There was no question that Jesus would obey the will of God. He would become sin and be separated from the Father, if that’s what was required to save mankind. So, yes, in the garden, He pleaded for another route to our redemption. However, when it was clear that the Father’s answer was, No, this is the only way, Jesus obediently sacrificed Himself for us.

Jesus Christ sacrificed more than His life. He exchanged perfection for wickedness and holy union for separation. The Savior did this so we could be transformed into righteous men and women with an eternal future. No wonder all of heaven exalts Him (Rev. 5:11-14). We must do the same.

Breaking Bread

“And as they were eating, Jesus took bread, and blessed it, and brake it, and gave it to the disciples, and said, Take, eat; this is my body.” (Matthew 26:26)

This is the first of 12 specific references to the “breaking of bread” in the New Testament, each reminding the participants of Christ’s sacrificial death. Although Paul had not been present at the Last Supper, he had evidently received a special revelation concerning it. “For I have received of the Lord that which also I delivered unto you, that the Lord Jesus the same night in which he was betrayed [literally, ‘while he was being betrayed’] took bread: And when he had given thanks, he brake it, and said, Take, eat: this is my body, which is broken for you: this do in remembrance of me” (1 Corinthians 11:23-24). Similarly, drinking of the cup recalled to them His shed blood. All of this helped them remember and appreciate the great reality of eternal life imparted to them through His death, for He had said, “Whoso eateth my flesh, and drinketh my blood, hath eternal life” (John 6:54).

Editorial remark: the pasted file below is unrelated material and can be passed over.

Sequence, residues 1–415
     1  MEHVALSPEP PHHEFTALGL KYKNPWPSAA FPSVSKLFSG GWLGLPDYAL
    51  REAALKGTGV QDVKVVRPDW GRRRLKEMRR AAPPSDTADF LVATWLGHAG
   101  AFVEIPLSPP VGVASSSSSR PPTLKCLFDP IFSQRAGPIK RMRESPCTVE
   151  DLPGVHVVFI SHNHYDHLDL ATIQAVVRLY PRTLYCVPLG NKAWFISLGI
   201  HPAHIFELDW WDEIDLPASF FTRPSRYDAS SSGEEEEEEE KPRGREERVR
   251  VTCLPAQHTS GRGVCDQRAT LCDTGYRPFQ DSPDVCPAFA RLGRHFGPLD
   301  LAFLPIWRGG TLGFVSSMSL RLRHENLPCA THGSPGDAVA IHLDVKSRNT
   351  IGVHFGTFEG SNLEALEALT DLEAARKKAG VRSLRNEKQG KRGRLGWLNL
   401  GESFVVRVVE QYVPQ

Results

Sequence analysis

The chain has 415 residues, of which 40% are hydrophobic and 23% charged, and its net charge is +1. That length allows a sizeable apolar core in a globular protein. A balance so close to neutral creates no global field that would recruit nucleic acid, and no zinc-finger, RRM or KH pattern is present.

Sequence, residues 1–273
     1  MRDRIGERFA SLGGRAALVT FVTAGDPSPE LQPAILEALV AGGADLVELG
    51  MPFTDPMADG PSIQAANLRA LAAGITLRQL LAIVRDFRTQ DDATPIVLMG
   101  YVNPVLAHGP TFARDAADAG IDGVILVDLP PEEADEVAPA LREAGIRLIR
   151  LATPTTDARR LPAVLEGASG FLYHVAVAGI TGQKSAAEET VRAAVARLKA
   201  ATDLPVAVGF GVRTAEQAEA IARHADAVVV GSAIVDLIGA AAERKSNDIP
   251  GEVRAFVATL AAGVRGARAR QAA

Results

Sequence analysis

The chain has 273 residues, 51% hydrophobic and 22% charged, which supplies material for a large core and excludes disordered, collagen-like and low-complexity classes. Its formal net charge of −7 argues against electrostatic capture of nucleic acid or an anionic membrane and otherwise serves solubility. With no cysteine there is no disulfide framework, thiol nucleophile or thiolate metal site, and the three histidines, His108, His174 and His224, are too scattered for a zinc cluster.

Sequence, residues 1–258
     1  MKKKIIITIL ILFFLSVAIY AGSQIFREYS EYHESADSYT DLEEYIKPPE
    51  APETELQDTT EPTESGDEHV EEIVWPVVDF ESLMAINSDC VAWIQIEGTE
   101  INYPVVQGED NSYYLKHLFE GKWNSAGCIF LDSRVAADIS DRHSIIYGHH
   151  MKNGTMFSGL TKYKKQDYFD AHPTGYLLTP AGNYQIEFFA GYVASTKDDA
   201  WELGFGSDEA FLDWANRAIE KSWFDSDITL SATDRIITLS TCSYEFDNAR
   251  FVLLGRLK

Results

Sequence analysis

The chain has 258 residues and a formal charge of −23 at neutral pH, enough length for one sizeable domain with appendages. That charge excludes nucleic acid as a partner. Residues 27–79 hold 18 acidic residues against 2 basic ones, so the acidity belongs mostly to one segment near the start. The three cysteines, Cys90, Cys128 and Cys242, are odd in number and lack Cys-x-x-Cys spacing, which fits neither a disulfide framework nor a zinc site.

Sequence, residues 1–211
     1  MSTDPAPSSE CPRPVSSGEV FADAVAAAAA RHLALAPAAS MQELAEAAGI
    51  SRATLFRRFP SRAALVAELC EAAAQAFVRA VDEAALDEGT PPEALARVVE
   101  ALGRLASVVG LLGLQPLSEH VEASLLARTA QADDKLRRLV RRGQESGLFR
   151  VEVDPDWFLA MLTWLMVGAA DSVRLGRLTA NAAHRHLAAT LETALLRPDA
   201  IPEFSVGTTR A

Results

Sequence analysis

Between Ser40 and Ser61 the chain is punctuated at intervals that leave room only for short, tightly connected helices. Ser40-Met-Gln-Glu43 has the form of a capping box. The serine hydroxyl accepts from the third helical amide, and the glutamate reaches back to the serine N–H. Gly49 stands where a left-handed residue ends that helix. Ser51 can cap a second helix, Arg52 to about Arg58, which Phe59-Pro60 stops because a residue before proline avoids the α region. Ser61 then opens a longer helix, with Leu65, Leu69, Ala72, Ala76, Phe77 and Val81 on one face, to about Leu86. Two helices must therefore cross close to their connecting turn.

For a while after His resurrection and their empowering by the Holy Spirit, “they, continuing daily with one accord in the temple, and breaking bread from house to house” (Acts 2:46), seem to have combined each day this remembrance of the Lord’s supper with their own evening meals. Sometime later, it seems to have been “upon the first day of the week, when the disciples came together to break bread” (Acts 20:7).

There is no specific instruction in Scripture as to how often this breaking of bread should be observed, but when it is observed, the implied actions of “discerning the Lord’s body,” giving thanks to Him for His sacrifice for us, and “[judging] ourselves” (1 Corinthians 11:29, 31) are far more vital than the physical act of eating the broken bread. HMM

God’s Stamp

The heavens declare the glory of God; and the firmament sheweth his handywork. —Psalm 19:1